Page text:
Zimbabwe stuck over security fears

Enock Muchinjo

ZIMBABWE’S decisive rugby World Cup qualifier away to strife-torn Ivory Coast is hanging in the balance over security fears as tension still grips the west African nation despite a truce signe

d this year.


The Zimbabwe Rugby Union (ZRU) is taking a cautious approach ahead of the national team’s scheduled trip to Abidjan for the decisive preliminary round World Cup qualifier against Ivory Coast as the cocoa-producing country remains unstable.


Tension is still gripping Ivory Coast despite a peace deal signed in April this year between President Laurent Gbagbo’s government and the New Front rebel group, the two warring sides that have been fighting in a civil war since 2002.


Fears of fresh fighting have been on the rise since at least 100 people were killed in ethnic violence last month. Ivorian media reports have warned over the past few weeks that more fighting could break out.


ZRU president Bryn Williams confirmed this week that the union has formally written to the Ministry of Sports seeking government’s nod to travel to the ethnically divided country.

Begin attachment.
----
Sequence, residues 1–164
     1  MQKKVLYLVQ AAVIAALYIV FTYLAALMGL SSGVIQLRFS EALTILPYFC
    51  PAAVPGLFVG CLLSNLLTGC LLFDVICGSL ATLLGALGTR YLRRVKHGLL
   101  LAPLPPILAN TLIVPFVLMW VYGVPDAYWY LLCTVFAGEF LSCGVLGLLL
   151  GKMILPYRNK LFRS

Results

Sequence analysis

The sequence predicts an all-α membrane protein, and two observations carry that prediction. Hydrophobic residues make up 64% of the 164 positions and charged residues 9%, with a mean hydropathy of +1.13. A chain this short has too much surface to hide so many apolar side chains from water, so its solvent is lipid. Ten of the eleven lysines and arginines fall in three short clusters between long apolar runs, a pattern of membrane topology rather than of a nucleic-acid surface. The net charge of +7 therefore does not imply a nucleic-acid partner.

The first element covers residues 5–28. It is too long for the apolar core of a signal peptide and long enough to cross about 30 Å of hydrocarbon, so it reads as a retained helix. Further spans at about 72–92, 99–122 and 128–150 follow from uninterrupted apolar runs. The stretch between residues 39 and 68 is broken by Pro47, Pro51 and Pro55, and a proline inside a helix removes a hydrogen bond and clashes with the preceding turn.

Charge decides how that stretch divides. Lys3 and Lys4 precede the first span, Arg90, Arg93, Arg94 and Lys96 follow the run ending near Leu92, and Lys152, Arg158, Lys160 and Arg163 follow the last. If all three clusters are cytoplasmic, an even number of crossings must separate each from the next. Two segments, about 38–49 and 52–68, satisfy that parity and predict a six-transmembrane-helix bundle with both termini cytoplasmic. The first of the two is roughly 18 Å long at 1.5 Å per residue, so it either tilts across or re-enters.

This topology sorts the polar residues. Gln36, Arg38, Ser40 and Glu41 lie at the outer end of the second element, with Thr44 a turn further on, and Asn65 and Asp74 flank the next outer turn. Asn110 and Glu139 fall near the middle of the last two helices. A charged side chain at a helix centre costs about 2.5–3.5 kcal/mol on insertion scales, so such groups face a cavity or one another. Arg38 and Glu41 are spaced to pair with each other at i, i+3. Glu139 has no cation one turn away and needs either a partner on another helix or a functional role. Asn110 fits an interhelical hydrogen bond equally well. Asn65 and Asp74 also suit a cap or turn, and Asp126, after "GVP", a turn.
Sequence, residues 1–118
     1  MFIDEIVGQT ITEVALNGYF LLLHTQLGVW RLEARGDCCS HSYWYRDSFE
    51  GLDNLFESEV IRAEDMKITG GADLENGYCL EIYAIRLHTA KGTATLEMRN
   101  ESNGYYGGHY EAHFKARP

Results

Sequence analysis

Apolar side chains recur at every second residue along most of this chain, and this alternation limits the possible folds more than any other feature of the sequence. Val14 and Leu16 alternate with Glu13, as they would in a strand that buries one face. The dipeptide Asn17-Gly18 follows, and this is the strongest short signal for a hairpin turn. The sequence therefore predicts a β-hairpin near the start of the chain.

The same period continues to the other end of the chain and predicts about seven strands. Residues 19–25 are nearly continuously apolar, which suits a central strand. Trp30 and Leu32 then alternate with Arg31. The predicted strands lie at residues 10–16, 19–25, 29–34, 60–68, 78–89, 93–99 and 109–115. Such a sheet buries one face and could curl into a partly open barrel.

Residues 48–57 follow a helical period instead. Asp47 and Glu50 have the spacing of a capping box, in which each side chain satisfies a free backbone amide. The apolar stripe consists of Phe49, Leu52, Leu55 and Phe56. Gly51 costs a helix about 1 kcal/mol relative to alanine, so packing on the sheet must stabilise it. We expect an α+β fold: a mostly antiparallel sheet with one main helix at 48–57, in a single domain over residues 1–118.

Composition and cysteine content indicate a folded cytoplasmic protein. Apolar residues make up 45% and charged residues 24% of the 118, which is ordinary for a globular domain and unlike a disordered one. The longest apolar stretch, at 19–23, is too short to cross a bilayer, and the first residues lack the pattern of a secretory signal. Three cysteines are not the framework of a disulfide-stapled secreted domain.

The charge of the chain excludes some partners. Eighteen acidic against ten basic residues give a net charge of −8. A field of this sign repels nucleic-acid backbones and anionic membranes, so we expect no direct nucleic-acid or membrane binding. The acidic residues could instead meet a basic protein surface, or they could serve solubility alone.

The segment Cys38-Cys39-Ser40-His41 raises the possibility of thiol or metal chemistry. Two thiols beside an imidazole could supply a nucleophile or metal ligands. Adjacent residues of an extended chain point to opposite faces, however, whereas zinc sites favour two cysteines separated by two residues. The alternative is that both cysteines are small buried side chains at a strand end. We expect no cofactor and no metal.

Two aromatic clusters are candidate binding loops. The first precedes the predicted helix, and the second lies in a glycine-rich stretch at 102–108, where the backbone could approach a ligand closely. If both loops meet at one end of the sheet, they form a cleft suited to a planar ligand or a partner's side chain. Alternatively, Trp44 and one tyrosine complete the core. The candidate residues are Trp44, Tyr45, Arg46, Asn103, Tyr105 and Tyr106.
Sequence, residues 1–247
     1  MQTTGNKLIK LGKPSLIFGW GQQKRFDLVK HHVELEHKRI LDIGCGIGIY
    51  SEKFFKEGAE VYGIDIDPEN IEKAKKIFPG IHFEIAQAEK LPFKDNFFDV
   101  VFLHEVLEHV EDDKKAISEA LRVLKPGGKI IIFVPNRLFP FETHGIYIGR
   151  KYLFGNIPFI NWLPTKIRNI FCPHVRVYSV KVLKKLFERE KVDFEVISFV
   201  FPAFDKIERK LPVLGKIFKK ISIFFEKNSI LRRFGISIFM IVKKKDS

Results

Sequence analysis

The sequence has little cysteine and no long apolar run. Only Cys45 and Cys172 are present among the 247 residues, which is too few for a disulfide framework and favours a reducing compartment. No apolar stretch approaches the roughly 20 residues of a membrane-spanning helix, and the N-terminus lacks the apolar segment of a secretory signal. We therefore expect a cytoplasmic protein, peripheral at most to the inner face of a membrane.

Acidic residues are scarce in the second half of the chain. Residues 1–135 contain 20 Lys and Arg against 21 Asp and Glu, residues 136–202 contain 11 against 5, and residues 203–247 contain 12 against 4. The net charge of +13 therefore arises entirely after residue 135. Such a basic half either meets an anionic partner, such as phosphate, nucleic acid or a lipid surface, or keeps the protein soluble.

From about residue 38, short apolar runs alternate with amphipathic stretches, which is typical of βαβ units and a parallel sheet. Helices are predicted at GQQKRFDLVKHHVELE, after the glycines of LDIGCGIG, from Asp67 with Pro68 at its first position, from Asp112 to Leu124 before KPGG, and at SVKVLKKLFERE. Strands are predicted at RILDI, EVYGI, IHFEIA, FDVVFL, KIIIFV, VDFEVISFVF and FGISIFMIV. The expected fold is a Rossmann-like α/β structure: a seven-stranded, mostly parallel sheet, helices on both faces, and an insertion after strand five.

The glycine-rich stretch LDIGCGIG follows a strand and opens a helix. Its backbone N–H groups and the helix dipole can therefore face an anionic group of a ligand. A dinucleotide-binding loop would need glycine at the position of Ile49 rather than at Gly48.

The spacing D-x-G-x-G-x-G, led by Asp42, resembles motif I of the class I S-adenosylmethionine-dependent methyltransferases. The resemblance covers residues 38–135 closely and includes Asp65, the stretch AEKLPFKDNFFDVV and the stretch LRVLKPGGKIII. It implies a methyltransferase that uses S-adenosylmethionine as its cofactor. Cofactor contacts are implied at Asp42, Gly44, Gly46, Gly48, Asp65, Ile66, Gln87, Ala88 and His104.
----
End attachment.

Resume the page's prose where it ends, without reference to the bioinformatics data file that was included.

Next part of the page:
“We are still waiting for that government approval and we should get it by next week. We also have been corresponding with the IRB regional development officer for Francophone Africa, Jean-Luc Barthes, and he advises us that the situation in most of the country is stable and safe for us to go and play,” Williams said.


“Personally I think it will be safe for us to go there. But again, anything can happen between now and the 23th of July. We are closely monitoring the situation there.”


The tension in Ivory Coast has been compounded by the rebels’ refusal to disarm at the end of June under a deal mediated by South African President Thabo Mbeki.


Zimbabwe, Senegal and Ivory Coast are in Group A of the preliminary qualifying round for the 2007 World Cup in France. The top team advances to the next stage.


Meanwhile, the Sables are still training in two separate groups in Harare and Bulawayo in preparation for the tough away tie. ZRU chief executive Titus Zvomuya had a meeting with the Sables manager Doug Fingland this week were they discussed chances of bringing more foreign based players to strengthen the team which toiled to beat Senegal 21-15 in their first match last month.


“We have given them (the technical department) a blank cheque. Its now up to the coach to decide which players he wants and the union will make efforts to bring in the players”, said Zvomuya.

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